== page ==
Mathematics at Denaby Main Academy
At Denaby Main Academy we expect the highest aspirations for our pupils. We want all children to learn and make academic progress no matter their starting points. We have a clear vision for what we want pupils to achieve during their time with us and have designed our curriculum to give all pupils the knowledge, skills and understanding they will need in their future years.
The value of a high-quality mathematics education is well recognised for its importance both to the individual and to society. Being competent in mathematics is key for functioning within a community and being a productive part of the workforce. The study of mathematics reaches beyond this and ‘provides a foundation for understanding the world, the ability to reason mathematically, appreciation for the beauty and power of mathematics, and a sense of enjoyment and curiosity about the subject.’ (National Curriculum). We intend for our pupils to make sense of the mathematics they are learning; that they will have more memorable and enjoyable experiences that are more likely to be remembered in the long term. They will also be able to do more as they understand how to push the boundaries of what they know and apply it to solve problems.
At Denaby Main Academy, we have adopted a knowledge rich maths curriculum that allows for cumulative development of both knowledge and skills. We adopted the Ark Curriculum to support our delivery of a cumulative curriculum that helps learners to make connections between different mathematical concepts. It regularly encourages retrieving, using and applying concepts regularly, transferring to new contexts helps develop fluency as well as conceptual understanding.
Teachers deliver a full hour maths lesson every day and also allow 15 minutes each day for a ‘Maths Meeting’ to visit any topics they feel relevant.
Our Mastery Curriculum seeks to develop one of our key priorities – developing language because pupils are actively encouraged to articulate, justify and explain their thinking, both as individuals and in groups. Lessons provide opportunities to explore, investigate and debate ideas using objects and images, and pupils will be enabled to make meaningful connections in mathematics.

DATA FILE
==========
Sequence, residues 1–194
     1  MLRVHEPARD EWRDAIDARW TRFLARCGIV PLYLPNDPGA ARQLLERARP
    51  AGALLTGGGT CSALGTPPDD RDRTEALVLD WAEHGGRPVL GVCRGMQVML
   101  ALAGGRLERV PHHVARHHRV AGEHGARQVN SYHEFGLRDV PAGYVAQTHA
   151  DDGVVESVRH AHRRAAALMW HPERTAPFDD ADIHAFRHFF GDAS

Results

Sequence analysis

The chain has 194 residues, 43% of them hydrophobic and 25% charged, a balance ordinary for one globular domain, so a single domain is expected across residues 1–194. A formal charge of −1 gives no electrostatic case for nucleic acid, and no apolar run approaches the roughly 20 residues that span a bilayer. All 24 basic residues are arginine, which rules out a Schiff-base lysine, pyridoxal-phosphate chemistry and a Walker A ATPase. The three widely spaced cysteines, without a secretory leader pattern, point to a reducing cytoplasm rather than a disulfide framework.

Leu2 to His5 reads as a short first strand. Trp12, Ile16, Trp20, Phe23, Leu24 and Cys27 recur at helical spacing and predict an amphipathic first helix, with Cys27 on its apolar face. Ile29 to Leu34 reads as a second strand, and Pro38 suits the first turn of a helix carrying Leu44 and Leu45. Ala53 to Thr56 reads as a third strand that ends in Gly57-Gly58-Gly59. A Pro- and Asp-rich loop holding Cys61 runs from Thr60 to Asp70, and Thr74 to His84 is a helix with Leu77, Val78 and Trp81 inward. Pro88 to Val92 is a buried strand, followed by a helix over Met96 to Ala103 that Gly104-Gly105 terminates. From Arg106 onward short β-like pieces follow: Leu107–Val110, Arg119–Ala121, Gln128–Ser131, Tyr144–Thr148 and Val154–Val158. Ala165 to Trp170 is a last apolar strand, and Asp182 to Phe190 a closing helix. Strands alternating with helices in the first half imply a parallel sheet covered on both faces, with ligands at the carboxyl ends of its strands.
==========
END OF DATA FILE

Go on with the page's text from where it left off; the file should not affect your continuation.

Our Mastery Curriculum is underpinned by 3 dimensions of depth: Conceptual Understanding, Language and Communication and Mathematical Thinking and these are evident through:
- A cumulative curriculum that builds upon learning, allowing pupils to make deep connections across topics
- Use of multiple representations throughout to strengthen conceptual understanding
- Emphasis on learning, and confidently using language to communicate mathematical problems
- Use of careful questioning to encourage students to build mathematical habits of mind
Please click on our curriculum documents to view the progression of Mathematics.
We also challenge the children to develop their fluency of the times tables in order to boost their knowledge. All children have access to https://www.sumdog.com/user/sign_in. a fun maths practice programme can be accessed from home.
I would like to say well done to our Year 4 pupils who took the multiplication check. The mean score last year was 19.8 out of 25 and we had 10% of pupils who reached this. This year we have a whopping 64% WELL DONE YEAR 4!
Because learning is a change to long-term memory it is sometimes challenging to see impact in the short term. In maths, it is expected that evidence of the children’s study will be recorded in books which can include the work, or photographs of the work they produce each lesson. These activities are all provided for in lesson to lesson planning. In maths, we will assess pupils’ work termly using a pupil tracker which contributes towards a termly summative assessment of how pupil’s responses (written or verbal) may be presented at different levels (working towards, working at or working beyond), as appropriate to children’s age and stage.
In addition, we measure impact of mathematics through:
- lesson observations – how well children are learning and how they explain mathematical understanding;
- learning walks – how well the curriculum intent is embedded
- book looks – as part of triangulation with learning walks and assessments
- pupil voice – enables us to listen to pupils’ views about their learning and how well curriculum content is taught and understood;
- assessment data tracking by the mathematics subject leader